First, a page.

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Michael Coveney: Dining at the Top Table

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It's always good to have a break from the hurlyburly. I spent most of yesterday cooped up inside the Assembly Rooms, so I felt entitled to accept an invitation to dinner with my wife's cousins, Jack Livingstone and Nan Bloom, and Jack's wife Janice.

The trio's collective age must approximate to the number of shows on the fringe, yet they've been gadding about for a couple of days like spring chickens.

They had booked a table at the Olorosa, a really fine restaurant on the top floor in Castle Street, with magnificent views of the city. It was perfect, a real treat, an escape from all the festival madness.

Or was it? At the very next table was none other than Linda Marlowe being similarly "treated" by none other than the poet laureate, Carol Ann Duffy, with her daughter Ella.

So of course we all swapped notes and exchanged news as if we were all still in the Traverse bar or the Udderbelly.

Carol Ann and Ella are performing at the Scottish Storytelling Centre, accompanied by the brilliantly versatile musician John Sampson, who is one of the very first performers I remember seeing in the opening season of the Assembly Rooms thirty years ago.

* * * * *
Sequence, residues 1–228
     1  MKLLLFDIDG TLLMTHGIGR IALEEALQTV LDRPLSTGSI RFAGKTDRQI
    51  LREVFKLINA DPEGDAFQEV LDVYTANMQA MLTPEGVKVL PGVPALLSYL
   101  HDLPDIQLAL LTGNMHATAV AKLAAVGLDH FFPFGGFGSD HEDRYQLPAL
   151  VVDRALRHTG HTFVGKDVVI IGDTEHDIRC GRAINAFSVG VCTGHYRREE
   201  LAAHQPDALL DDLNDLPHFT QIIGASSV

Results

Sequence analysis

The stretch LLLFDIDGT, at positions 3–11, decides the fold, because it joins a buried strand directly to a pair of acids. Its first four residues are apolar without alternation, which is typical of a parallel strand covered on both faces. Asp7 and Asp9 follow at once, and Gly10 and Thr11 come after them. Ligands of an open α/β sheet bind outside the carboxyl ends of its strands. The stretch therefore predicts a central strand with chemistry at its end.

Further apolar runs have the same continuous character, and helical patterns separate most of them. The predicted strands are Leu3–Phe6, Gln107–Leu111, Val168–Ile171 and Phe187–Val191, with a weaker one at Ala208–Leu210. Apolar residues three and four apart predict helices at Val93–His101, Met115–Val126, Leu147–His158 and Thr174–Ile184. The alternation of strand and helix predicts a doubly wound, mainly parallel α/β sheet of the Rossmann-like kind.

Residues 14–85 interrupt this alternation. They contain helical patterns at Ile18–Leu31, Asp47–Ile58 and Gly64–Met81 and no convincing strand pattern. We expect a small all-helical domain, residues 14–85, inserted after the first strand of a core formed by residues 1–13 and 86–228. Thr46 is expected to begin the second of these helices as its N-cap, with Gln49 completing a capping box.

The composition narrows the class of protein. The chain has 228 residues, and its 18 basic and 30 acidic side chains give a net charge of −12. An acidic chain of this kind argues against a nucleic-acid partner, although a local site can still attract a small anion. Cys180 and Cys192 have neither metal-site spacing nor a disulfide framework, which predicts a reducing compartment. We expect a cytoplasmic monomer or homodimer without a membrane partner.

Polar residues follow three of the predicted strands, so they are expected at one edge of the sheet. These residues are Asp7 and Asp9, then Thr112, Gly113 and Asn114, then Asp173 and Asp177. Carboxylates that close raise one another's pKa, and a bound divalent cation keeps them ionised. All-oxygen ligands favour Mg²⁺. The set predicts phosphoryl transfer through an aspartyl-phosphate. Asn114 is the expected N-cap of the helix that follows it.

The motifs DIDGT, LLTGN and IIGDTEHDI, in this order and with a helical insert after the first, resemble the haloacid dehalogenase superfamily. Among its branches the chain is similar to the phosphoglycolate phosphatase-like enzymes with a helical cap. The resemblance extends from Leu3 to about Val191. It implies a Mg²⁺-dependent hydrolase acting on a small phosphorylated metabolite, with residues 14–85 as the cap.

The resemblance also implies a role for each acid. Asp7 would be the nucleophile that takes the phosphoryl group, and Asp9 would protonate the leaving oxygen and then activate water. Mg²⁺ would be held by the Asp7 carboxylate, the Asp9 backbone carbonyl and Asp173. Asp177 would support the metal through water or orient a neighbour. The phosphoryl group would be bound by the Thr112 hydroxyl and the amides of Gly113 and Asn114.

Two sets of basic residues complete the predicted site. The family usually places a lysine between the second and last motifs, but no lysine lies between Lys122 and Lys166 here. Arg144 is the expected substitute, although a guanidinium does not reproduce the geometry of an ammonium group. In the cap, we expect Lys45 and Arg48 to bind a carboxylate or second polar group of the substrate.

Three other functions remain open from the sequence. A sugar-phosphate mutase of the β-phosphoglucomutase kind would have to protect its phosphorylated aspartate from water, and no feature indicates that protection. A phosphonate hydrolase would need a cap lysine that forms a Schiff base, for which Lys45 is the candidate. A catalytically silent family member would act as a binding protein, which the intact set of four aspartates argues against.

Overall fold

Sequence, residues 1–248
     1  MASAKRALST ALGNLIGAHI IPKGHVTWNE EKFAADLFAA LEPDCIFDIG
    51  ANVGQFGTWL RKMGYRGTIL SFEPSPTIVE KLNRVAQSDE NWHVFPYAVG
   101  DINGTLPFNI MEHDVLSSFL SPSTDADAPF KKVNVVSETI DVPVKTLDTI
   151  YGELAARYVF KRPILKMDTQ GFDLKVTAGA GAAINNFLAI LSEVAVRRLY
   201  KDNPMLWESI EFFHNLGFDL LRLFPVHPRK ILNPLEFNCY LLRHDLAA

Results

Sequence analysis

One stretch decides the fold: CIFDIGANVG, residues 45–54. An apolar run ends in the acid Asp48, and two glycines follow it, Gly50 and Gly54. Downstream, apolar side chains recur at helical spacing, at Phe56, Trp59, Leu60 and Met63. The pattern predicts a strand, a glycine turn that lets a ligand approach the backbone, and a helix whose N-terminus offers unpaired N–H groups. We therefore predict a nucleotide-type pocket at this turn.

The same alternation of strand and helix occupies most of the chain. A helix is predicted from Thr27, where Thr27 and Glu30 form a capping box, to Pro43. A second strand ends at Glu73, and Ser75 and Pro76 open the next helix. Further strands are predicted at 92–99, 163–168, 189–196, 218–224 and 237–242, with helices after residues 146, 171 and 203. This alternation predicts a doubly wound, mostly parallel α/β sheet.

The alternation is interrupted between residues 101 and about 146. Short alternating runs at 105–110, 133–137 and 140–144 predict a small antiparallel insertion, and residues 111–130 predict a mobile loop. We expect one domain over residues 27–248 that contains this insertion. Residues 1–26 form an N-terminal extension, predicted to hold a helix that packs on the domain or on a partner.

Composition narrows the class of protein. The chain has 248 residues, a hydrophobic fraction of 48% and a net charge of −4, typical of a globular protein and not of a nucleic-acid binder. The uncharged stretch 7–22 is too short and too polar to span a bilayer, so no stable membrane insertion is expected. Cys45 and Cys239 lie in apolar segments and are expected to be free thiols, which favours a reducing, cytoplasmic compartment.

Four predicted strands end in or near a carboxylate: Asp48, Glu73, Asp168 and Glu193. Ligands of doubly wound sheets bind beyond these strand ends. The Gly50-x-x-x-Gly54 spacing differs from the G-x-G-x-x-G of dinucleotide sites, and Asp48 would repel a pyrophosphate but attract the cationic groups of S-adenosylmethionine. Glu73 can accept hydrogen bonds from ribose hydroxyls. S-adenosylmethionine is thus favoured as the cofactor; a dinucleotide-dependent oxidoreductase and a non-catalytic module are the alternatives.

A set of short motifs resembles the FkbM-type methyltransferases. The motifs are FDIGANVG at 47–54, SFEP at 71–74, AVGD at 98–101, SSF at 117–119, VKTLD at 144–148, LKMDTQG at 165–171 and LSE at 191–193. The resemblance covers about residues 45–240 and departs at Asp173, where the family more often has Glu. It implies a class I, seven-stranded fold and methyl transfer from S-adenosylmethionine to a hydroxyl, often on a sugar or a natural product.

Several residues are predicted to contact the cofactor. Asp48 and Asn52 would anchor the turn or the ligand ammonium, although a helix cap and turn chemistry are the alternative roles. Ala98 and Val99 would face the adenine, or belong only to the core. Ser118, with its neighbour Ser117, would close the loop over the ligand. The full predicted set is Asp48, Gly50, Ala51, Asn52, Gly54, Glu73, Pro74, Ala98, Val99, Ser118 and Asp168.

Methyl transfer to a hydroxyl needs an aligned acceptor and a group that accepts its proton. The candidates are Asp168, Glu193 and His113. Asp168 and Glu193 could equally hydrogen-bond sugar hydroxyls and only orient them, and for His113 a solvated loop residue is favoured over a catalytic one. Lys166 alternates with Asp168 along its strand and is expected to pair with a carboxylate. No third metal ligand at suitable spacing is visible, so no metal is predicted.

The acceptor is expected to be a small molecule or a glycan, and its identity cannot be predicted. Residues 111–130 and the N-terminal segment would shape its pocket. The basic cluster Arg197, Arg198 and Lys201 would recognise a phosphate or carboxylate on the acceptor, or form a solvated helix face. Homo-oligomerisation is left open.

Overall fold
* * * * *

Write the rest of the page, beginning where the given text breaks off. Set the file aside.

And in addition to playing My Hamlet with Georgian puppets, Linda is giving two performances next week of Carol Ann's wonderful poetry cycle, The World's Wife, featuring Delilah, Penelope, Mrs Freud and the mutinous spouse of King Kong.

Latest news is that Carol Ann is also writing a new play for Linda which should be ready any time soon. Once Linda's got that one under her belt, she'll have an unrivalled repertoire of seven solo shows to share with us in perpetuity.

So I'm glad I got away from it all. Earlier in the day I'd asked Bill Burdett-Coutts, Assembly supremo, if I'd match up to the Olorosa's dress code. "Well, they let me in," said the self-deprecating smooth operator, who is always impeccably shirted and booted. "But," I replied, "they once threw John Byrne out."

"Ah, well, he probably wasn't wearing any shoes," said Bill, lining up for his umpteenth photoshoot of the morning.


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